(JTA) – Jewish communities in Ukraine and the United States have conducted a coordinated and successful effort to refute Russian claims that Ukraine’s revolution unleashed a wave of anti-Semitic acts, one of Ukraine’s chief rabbis said.
“We’ve been working very closely with the organized Jewish community to counter the propaganda that is coming out of Russia about anti-Semitism,” Rabbi Yaakov Dov Bleich said on Tuesday at a news conference in Kiev. “In many ways we feel we’ve won the battle, maybe not the war. There’s a lot less of that anti-Semitism propaganda coming out of Russia today.”
Russia and Ukraine have exchanged accusations of anti-Semitism since the eruption last year of a revolution that in February led to the ousting of former president Viktor Yanukovych, whom critics described as a corrupt Kremlin puppet. Ukrainian Jewish groups, including Bleich’s Jewish Confederation of Ukraine, became very critical of the Kremlin after Russia annexed Crimea from Ukraine in March, in a move that triggered an ongoing armed conflict between pro-Russian separatists in Ukraine’s east and Ukrainian government troops.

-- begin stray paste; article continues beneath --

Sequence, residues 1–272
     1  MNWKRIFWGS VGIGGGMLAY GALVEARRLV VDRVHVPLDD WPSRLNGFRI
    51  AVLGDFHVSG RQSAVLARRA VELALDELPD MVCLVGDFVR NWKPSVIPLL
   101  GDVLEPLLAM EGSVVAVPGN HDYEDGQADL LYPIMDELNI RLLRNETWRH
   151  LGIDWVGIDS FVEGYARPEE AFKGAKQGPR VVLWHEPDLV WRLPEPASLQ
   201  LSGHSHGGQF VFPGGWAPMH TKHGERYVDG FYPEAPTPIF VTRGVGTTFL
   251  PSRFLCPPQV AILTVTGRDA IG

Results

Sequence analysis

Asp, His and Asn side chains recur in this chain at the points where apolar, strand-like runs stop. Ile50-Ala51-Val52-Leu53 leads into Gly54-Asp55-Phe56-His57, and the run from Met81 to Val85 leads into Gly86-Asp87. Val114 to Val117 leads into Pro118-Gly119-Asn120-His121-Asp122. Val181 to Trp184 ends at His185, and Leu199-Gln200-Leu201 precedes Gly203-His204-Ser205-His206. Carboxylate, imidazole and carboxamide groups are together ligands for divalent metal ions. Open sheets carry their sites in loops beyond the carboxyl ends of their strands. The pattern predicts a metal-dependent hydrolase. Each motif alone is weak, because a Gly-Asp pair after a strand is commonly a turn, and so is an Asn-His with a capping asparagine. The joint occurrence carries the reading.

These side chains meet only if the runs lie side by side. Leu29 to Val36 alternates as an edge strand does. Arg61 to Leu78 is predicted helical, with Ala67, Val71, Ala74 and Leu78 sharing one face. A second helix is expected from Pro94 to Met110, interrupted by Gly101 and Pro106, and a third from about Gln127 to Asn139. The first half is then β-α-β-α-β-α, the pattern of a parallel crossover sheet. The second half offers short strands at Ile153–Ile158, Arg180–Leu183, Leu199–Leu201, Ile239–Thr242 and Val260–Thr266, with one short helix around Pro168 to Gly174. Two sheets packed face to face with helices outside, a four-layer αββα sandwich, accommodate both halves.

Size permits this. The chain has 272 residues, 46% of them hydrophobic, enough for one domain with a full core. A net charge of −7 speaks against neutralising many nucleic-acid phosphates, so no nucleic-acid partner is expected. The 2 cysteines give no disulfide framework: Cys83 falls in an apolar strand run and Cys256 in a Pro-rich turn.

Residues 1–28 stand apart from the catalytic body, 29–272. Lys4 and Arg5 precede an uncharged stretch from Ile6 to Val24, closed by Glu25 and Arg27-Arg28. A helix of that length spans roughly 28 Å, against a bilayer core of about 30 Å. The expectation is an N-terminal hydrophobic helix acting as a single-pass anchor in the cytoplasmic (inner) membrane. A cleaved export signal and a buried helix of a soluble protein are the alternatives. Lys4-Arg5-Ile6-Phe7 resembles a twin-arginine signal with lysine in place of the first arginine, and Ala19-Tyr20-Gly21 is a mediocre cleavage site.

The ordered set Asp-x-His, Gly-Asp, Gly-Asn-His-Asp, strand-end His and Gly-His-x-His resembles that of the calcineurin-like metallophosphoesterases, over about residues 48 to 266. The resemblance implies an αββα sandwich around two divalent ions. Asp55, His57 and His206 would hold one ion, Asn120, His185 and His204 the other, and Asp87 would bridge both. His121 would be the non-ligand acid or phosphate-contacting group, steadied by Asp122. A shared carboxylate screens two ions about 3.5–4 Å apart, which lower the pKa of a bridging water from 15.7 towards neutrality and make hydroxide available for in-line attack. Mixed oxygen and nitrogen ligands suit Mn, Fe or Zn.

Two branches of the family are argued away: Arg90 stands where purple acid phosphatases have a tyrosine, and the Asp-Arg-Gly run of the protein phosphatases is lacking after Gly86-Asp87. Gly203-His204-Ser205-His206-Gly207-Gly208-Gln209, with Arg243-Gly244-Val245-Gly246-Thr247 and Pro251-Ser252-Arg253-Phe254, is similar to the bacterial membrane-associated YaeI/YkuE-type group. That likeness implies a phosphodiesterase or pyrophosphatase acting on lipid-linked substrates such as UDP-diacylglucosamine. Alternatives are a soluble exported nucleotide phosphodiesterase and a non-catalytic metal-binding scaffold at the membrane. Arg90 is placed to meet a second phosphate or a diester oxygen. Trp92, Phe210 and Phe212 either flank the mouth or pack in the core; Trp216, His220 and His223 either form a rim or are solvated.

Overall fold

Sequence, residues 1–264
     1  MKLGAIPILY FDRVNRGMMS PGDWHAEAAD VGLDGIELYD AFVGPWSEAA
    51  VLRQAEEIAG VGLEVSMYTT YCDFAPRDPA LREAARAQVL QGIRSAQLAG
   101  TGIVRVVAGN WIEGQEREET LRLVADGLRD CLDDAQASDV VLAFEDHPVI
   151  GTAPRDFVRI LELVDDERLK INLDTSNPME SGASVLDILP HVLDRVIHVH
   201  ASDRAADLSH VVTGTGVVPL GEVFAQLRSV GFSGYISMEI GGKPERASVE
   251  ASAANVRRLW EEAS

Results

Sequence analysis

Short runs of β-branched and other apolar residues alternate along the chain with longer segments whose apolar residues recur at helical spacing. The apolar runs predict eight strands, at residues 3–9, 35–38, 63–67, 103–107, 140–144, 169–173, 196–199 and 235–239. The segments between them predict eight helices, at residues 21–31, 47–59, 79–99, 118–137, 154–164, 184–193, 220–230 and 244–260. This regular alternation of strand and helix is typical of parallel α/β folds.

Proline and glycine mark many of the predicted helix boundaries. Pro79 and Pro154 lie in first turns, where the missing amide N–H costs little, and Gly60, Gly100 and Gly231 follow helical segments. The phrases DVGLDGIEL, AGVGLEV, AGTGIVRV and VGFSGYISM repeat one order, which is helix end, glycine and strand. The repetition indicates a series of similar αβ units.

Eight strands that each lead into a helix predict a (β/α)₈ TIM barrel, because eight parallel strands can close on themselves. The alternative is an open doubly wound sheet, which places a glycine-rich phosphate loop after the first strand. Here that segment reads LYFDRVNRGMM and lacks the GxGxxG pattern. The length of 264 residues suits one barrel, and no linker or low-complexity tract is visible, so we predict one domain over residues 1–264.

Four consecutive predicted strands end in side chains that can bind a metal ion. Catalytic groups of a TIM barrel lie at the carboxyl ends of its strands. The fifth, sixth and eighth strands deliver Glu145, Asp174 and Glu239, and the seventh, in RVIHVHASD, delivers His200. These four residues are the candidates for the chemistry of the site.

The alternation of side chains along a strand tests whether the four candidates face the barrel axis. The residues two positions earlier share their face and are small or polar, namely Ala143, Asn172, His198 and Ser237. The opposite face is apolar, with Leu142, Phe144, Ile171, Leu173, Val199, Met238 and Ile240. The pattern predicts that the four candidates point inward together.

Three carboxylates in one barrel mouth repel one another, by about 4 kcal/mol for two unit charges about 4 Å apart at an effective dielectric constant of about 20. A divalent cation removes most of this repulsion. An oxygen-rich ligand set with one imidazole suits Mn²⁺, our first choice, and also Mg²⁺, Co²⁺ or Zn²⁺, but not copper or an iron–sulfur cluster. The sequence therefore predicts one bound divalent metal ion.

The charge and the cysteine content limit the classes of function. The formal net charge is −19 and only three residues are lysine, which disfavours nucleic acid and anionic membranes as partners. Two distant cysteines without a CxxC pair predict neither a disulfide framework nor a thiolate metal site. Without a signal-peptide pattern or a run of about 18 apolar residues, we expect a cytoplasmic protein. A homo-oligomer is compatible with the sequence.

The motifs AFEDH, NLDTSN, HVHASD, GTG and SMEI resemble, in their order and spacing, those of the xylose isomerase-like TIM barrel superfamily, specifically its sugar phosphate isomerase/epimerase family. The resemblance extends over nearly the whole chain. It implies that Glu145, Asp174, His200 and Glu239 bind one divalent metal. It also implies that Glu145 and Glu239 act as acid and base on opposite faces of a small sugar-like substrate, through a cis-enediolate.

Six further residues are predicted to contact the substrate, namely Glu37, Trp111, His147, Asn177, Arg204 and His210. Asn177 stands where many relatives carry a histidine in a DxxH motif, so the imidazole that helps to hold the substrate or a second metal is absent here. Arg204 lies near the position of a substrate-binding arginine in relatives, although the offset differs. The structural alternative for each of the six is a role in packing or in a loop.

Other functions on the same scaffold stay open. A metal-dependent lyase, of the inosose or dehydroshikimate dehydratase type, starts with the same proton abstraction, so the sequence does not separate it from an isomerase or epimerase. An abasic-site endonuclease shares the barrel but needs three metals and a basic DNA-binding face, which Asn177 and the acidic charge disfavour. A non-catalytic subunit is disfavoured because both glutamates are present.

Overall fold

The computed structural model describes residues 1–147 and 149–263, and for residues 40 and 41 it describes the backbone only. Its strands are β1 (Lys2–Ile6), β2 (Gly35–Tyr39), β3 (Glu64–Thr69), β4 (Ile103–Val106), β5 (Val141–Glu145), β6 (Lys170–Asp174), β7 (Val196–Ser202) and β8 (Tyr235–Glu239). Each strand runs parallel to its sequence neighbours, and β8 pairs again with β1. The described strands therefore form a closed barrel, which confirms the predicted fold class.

Bleich said the Jewish communities of Ukraine acted in unison with American ones to counter Russian claims, including Russian President Vladimir Putin’s assertion that the Crimean annexation was to protect minorities, including Jews. “Everybody was coordinated. This wasn’t done with everybody doing his own thing,” Bleich said.
Bleich noted the work of the Ukrainian Jewish Encounter (UJE), an international nonprofit organization that promotes interethnic ties and was founded by the Canadian industrialist James Temerty.
On Tuesday, Bleich’s organization and UJE awarded the annual Metropolitan Andrey Sheptytsky Award to Victor Pinchuk, a Ukrainian Jewish oligarch who is one of Ukraine’s richest people and most generous philanthropists. Last year, Temerty received the award.
From his residence in Lviv, Sheptytsky helped hide more than 150 Jews during the Holocaust, and he protested the Nazi murder of Jews. But his Holocaust-era record remains controversial because he initially welcomed the Nazi occupation of Ukraine, thinking it preferable to Russian domination under the Communist regime, according to the University of Toronto’s Internet Encyclopedia of Ukraine.